Cubs sinking under wishy-washy owner
If Tom Ricketts has a plan to turn his franchise around, Cubs fans would love to hear it
CHICAGO -- The Chicago Cubs have lost their way. And worse yet, team chairman Tom Ricketts is having trouble reading the directions on his baseball Garmin.
His franchise is headed south. It has been pointed that way for a while, but the hope was that the new Ricketts ownership regime would change that. So far, nothing. Absolutely nothing.
Forget about reversing the curse. How about reversing the growing concerns about Ricketts' ability to make a difference, about his having the stones to make a hard decision?
Somehow, Ricketts has forgotten the essential truth about running a sports franchise, especially a franchise such as the Cubs with its special history and special, perpetually heartbroken following. And that truth is this: Winning makes all things possible.
I'm not saying Ricketts isn't interested in winning. Or that he doesn't care. I'm saying that he hasn't done anything of substance to convince people that he's trying to win.
Surely he has a plan, right? You don't spend $845 million on a team and an ancient ballpark without a plan. But has Ricketts ever articulated exactly what he's going to do? It's as if he's scared to go public, to be the tiniest bit controversial.
Any owner can mingle with the paying customers in the stands. I get it: You listen to the fans, get their feedback, try to ease their pain. But then what? Talk is Groupon cheap. Cubs season tickets aren't. Just once I'd like to hear Ricketts explain how this thing is going to get fixed.
The Cubs haven't won a postseason game since 2003. They haven't won a division since 2008. They've won 90 or more games just three times in the past 26 years. A glance at the National League Central standings finds them stuck firmly in fifth place, well below .500 and 10 games behind division leader Milwaukee. And yet, they have their supporters.
"I look at the lineup yesterday," White Sox manager Ozzie Guillen said before Tuesday's game, "and I think they have a chance to win the division. I look at that lineup -- that lineup pretty good. They're going to compete.''
The Cubs' reaction?
"Ozzie's a smart man,'' outfielder Marlon Byrd said.
"Obviously we do. We do have the talent,'' said catcher Geovany Soto.
"I feel that way,'' manager Mike Quade said. "I hope Ozzie's a really good handicapper.''
Cubs followers want a World Series, of course, but more than anything, they want a reason to believe. Give them that reason and they'll keep coming to Wrigley, keep paying those jacked-up ticket prices and keep giving Ricketts the benefit of the doubt.
Right now, there is no reason. Every so often, Ricketts emerges from his office and aims a garden hose at the latest firestorm, but that's it. He's pleasant enough, but he never quite says anything.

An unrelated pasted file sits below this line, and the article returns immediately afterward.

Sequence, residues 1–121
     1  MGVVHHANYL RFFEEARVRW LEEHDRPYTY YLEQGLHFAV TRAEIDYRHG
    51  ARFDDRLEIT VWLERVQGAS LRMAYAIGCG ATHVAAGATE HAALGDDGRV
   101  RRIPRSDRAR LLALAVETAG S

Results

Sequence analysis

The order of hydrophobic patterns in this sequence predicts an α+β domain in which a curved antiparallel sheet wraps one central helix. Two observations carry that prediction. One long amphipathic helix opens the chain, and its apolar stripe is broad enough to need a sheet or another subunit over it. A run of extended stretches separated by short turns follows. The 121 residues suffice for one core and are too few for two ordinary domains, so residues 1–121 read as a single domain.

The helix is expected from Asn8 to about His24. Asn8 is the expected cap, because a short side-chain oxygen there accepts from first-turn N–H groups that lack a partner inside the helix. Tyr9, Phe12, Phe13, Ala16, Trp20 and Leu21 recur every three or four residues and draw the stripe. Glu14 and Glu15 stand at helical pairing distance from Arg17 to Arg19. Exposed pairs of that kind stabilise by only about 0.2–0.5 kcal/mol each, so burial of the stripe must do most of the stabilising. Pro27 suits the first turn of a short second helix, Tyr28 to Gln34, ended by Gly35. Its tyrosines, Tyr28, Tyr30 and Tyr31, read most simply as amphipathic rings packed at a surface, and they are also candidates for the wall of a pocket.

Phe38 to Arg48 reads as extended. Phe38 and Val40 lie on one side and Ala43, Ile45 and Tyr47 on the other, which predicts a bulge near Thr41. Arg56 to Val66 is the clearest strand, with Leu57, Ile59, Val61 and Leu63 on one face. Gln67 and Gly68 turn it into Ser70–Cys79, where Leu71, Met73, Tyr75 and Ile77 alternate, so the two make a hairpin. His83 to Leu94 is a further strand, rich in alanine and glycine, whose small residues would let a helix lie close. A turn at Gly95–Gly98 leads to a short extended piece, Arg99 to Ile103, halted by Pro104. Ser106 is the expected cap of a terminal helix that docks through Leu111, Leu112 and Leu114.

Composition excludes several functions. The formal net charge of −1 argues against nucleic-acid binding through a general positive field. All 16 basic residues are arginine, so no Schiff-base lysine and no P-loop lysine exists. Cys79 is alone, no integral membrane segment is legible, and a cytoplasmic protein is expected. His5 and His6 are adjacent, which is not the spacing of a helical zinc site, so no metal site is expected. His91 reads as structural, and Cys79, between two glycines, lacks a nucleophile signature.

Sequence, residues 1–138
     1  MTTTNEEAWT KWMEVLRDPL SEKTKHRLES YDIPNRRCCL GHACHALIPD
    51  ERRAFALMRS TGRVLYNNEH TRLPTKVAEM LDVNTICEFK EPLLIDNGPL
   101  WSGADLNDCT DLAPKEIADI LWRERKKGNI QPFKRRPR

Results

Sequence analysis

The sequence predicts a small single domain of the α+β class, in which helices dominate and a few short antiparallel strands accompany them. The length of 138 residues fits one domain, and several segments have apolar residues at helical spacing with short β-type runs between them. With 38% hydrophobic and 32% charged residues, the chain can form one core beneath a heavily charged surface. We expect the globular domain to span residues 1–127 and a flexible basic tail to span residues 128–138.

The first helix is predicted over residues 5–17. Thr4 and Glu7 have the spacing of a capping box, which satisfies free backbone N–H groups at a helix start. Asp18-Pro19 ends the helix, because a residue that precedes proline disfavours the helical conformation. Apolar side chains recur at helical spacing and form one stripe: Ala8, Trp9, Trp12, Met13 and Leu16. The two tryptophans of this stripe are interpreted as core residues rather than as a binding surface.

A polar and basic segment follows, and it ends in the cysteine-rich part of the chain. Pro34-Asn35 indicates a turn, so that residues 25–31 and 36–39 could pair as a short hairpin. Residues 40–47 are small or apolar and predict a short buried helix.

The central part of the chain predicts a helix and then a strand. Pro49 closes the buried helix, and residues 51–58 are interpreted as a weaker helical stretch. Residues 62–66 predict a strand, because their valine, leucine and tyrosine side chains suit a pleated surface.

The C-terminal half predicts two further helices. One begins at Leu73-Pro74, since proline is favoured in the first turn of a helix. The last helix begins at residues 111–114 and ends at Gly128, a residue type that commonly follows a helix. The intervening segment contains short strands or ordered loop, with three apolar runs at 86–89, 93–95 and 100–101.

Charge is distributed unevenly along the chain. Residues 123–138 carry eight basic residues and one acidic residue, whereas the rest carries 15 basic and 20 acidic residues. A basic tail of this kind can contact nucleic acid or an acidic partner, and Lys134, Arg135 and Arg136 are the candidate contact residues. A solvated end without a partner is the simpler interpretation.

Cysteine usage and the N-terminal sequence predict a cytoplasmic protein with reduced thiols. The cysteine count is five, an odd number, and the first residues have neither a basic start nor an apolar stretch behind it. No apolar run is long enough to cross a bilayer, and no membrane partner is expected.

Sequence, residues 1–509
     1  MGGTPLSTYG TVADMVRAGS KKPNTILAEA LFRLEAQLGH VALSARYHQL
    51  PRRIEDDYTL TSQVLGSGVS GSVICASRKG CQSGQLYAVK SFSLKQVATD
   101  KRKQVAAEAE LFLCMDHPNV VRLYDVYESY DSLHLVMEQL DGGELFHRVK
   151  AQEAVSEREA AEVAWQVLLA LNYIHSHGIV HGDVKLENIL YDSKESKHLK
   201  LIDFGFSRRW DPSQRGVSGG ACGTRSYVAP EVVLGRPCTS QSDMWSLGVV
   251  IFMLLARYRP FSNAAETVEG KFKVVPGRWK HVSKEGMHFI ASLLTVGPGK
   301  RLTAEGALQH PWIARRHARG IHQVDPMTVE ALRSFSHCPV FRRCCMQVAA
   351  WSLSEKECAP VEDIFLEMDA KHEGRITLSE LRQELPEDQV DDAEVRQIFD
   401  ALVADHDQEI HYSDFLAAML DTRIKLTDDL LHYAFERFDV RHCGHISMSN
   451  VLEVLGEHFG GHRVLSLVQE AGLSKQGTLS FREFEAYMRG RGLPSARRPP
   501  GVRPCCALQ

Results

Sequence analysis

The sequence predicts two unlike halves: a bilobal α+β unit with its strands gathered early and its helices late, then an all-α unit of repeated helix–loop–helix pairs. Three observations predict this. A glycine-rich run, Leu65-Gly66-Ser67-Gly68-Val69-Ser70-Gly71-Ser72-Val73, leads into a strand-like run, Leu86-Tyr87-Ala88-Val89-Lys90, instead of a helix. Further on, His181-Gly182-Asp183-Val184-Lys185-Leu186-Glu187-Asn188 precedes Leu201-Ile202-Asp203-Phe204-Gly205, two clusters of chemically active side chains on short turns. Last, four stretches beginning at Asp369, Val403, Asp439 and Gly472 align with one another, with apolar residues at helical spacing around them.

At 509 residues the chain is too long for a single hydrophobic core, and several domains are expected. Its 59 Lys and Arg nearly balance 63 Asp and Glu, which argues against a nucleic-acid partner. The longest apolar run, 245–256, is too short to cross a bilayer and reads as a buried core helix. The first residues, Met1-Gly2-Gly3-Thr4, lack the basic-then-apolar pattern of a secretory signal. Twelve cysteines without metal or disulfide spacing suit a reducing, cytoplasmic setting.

I don't buy the "Fan Boy" tag. So what if he used to sit in the Wrigley Field bleachers and watch ballgames? If anything, he's a fan of sellouts and black ink. He got them during the recent New York Yankees series, but the Yankees are long gone. Now it's back to reality.
The reality is that the Cubs have an identity crisis. Ricketts is the face of the franchise, but so far he hasn't been its voice.
Nobody expects him to be George Steinbrenner. Or Hank Steinbrenner, for that matter. But it's OK to show some emotion and passion. And it's even more OK to throw in a few details now and then.
It's nice to say you're going to build your organization from the ground up. Congratulations. But Ricketts first needs to address the top of his organization and then work down.
If Jim Hendry is "Dead General Manager Walking," as everyone assumes him to be, team president Crane Kenney better be walking right beside him. Sorry -- your legacy has to be more than the Captain Morgan Club or trying to turn Wrigley Field into Fenway Park Jr.
The Boston Red Sox make money because they win, because they spend money and because they usually spend it well. They give their fans that reason to believe. Yes, they have some economic advantages, but there's never any doubt about management's pursuit of winning.
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Kenney is infatuated with the Red Sox business model. He is infected with Red Sox envy. But Red Sox ownership hired a team president (Larry Lucchino) who knew what he was doing. Lucchino helped create something in Boston that can't be duplicated -- and Kenney should know that.
Maybe Ricketts is too nice to be an owner. Maybe he wants everyone to like him. If so, he needs to sell the team tomorrow.
The Cubs' message these days is as strong as 2 percent milk. If Ricketts wants to be taken seriously by his constituency, he has to make some difficult, seismic and franchise-defining choices.
For starters, he has to state his goals -- the more audacious, the better -- and show everyone he's serious about achieving them. If that means spending big, great. If it means starting from scratch, fine. But have the guts to say so.
He has to find the best person on the planet to become team president, someone who understands that Cubs fans have been dialing 911 for decades. Someone who breathes baseball and business as if they are oxygen. Kenney is not that person.
The culture and personality of this franchise must change. Otherwise, why bother buying a ticket?
Cubs followers don't ask for much, just hope. It is time that Ricketts gave them that and much, much more.
Gene Wojciechowski is the senior national columnist for ESPN.com. You can contact him at firstname.lastname@example.org. And don't forget to follow him on Twitter @GenoEspn.
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